Wolfgang Rossbauer | Architekt
Project Tower Apartments with stepped floors, Zurich (CH).


Between Park and Cave.

Facts: University Project at the ETH Zürich | Chair Christian Kerez | 2003.

Architecture: Wolfgang Rossbauer.

In Zurich`s provincial suburb of Affoltern - on a 30,000 square meters site - three strictly geometric volumes, relating to the significant 1960’s buildings of Affoltern in height, are situated in an artificial park. The volumes form a relationship to the surrounding trees and - with their interiors like caves - to themselves. This project works with structurally similar themes to my previous project; the spatial character, however, is different in every respect.



Each building`s structural idea is a pragmatically intended system of six bearing installation and development cores; they support two of the four corners of a quadratic field. The other corners are formed by geometric terraces in the floors - defining on the one hand a reasonable structural system, on the other hand a spatially determining relief. The inter-dependence of two alternating floors draws immediate attention to the presence of the apartments above and below, the cast of spaces is visible and perceptible in the concrete form.

A line of walls separates each floor into two apartments. That line incorporates the cores in such a way, so that it seems to be an endless, sculptural contour. The structural order becomes blurred, no longer legible (contrarily, the structure is clear in the entrance floor, but the relief unintelligible). These so created internal and peripheral rooms follow an archaic principle: The glass corners allow an outside view into the building, defining the public space. The „caves”, winding into the center of the building, become a place of withdrawal. Here, a view out of the apartment is only possible into the trees; that view excludes the other buildings.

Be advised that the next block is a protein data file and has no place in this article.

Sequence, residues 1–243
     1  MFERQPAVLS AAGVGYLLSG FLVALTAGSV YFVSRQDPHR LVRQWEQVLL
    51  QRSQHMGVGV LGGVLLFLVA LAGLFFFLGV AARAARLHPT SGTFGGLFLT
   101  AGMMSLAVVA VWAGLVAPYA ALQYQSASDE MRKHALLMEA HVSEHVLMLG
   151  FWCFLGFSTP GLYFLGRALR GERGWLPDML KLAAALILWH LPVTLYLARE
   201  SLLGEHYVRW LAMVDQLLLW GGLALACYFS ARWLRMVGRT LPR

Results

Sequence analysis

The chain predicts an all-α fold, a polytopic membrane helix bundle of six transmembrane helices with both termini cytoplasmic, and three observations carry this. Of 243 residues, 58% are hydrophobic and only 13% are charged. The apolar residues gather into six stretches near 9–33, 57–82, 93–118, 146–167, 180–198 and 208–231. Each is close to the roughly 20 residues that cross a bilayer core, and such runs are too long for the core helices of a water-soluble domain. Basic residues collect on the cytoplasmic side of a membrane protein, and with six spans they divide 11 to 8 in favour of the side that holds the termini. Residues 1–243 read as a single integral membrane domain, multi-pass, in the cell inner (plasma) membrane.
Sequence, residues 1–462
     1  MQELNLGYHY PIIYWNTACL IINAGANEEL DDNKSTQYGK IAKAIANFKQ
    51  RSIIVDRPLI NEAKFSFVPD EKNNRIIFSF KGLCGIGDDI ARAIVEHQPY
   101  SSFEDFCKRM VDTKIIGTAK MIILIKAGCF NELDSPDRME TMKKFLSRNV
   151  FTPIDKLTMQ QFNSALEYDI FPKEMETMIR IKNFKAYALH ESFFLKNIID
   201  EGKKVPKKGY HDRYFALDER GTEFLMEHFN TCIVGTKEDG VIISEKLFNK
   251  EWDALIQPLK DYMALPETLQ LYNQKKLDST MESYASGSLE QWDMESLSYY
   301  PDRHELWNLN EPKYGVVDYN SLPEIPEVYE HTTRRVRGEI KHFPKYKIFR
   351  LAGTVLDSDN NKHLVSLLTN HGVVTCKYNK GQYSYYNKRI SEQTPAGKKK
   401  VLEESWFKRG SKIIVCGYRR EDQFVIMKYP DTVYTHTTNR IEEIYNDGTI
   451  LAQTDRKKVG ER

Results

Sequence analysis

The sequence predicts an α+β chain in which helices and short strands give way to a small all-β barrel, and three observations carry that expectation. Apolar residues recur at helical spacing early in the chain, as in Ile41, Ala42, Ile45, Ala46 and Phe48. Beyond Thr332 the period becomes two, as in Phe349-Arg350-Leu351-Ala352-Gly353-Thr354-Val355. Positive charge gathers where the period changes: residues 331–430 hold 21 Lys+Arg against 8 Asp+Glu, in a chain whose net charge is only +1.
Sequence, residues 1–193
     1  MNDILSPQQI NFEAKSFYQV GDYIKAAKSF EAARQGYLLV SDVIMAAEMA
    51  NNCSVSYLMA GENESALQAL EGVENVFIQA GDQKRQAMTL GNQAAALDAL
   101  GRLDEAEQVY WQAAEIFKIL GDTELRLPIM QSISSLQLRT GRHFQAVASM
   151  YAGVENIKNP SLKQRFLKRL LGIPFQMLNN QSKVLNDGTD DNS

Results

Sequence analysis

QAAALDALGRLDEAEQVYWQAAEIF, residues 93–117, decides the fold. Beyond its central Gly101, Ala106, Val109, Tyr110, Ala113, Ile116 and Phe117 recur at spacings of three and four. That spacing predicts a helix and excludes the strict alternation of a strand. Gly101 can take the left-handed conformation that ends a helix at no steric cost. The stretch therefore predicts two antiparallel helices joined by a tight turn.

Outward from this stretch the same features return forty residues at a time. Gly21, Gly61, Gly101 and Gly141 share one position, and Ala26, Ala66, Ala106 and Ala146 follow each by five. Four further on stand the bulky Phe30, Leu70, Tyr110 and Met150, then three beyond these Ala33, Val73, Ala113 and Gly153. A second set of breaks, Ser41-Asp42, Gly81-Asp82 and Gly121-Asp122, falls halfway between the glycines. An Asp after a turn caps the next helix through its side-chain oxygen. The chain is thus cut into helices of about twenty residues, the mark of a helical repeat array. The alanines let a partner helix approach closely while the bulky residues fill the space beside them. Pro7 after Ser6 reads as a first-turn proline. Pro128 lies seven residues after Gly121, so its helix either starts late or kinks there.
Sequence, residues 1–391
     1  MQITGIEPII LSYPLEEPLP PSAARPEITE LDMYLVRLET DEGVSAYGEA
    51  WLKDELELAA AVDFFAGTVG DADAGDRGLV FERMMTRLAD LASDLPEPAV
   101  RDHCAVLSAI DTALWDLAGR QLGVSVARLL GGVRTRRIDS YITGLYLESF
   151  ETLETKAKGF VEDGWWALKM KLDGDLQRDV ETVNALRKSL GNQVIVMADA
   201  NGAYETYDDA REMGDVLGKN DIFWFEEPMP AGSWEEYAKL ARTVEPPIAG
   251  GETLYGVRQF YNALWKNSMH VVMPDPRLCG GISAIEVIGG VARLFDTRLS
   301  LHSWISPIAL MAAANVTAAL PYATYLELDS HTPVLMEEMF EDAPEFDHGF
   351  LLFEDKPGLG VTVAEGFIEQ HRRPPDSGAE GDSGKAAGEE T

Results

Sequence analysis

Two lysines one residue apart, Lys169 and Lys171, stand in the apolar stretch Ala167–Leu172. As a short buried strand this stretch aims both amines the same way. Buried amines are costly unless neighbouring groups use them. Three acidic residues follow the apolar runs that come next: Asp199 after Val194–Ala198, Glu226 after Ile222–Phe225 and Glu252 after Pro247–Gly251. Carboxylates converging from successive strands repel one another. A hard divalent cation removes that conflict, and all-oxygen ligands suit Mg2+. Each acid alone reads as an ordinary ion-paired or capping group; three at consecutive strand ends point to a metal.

The result, an inhabitable landscape - striving for a maximum of expansion into itself - becomes an imprint of the inhabitant, an indication of a mode of living. Although the apartment seems to be a noble unique specimen at first sight, it is duplicated like lots of luxurious mass-produced items. A pluralistic coexistence of individual demand and mass-culture of a specific way of life is imposed on an exaggerated field of tension.


Floors A and B alternating